From Bergman to Kieslowski, many great directors dabbled in TV in the second half of the 20th century, but no legendary auteur left a more indelible mark on the medium than Rainer Werner Fassbinder. The New German Cinema exponent produced much of his most celebrated work for television, including films like “World on a Wire,” “Martha,” and “I Only Want You to Love Me,” and miniseries like the legendary “Berlin Alexanderplatz.” “Eight Hours Don’t Make a Day,” however, sits unsung amidst Fassbinder’s televisual oeuvre. That’s a shame, as it’s a sweeping, exuberant miniseries that was released in five installments on Germany’s public Westdeutscher Rundfunk (WDR) network between October 1972 and November 1973.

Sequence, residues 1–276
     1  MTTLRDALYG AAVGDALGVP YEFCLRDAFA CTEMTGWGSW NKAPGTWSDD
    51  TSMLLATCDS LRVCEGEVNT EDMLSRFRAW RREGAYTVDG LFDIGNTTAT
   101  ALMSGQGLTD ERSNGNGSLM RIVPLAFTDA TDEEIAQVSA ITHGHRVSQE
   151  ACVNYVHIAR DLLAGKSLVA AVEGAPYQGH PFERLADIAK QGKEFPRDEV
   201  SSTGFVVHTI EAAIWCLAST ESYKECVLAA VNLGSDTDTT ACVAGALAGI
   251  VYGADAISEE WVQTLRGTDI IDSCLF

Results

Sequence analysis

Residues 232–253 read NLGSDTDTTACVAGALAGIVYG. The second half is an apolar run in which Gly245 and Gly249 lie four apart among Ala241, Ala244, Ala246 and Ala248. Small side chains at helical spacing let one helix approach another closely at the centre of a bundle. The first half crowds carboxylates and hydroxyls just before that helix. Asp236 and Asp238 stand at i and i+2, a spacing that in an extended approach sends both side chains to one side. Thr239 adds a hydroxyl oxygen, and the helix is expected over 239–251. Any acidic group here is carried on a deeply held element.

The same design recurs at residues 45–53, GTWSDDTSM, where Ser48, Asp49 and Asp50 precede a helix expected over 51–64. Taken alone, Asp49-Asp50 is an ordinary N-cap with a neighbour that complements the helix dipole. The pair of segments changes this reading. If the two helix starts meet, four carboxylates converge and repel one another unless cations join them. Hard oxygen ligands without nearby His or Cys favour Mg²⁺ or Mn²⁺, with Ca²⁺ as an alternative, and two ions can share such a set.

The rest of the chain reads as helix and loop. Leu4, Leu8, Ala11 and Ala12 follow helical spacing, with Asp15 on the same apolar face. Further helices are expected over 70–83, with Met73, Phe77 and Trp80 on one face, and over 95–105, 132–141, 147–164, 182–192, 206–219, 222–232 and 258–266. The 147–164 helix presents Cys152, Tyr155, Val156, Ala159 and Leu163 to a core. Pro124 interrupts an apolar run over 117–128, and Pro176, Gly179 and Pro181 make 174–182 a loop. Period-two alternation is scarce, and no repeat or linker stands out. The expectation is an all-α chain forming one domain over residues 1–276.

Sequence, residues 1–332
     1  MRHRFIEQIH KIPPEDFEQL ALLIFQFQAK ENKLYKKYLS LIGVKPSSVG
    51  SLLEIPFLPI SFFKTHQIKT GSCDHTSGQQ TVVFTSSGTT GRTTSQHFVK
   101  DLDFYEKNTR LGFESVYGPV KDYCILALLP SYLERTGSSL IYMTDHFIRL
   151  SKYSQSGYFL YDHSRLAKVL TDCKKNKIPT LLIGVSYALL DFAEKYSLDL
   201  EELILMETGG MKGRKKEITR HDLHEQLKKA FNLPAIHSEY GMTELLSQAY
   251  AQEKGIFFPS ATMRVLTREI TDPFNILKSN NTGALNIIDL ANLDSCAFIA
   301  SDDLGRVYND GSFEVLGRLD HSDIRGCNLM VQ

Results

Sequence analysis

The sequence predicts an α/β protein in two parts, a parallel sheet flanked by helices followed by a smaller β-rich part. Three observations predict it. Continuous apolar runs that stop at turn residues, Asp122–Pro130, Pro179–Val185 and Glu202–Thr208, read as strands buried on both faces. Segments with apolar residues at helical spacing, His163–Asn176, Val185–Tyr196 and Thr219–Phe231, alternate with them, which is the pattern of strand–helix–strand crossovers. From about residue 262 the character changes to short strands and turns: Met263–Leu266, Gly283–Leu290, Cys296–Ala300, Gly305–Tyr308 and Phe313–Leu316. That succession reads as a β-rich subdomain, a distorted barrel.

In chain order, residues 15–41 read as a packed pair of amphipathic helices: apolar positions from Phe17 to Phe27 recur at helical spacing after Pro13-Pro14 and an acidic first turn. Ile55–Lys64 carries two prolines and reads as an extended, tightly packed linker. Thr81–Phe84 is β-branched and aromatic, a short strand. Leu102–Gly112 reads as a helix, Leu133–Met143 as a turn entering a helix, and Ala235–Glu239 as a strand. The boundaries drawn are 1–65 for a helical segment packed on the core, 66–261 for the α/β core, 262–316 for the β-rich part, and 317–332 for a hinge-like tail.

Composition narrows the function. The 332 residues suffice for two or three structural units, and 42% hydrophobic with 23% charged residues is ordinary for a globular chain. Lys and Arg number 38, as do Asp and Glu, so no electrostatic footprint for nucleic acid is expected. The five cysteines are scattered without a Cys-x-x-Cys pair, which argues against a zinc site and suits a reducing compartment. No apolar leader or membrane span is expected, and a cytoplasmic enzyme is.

Although the show’s scope eventually expands to encompass an entire array of characters, in the beginning it focuses on Jochen Epp (Gottfried John), a toolmaker who falls in love with office advertiser Marion Andreas (Hanna Schygulla) while struggling to improve his factory’s working conditions. Commissioned by WDR as part of an effort to educate the German public by producing and airing “worker films,” “Eight Hours Don’t Make a Day” roughly maps to a traditional family drama, but forgoes the genre’s typical bourgeois slant in order to explicitly reckon with the living conditions of the country’s working class.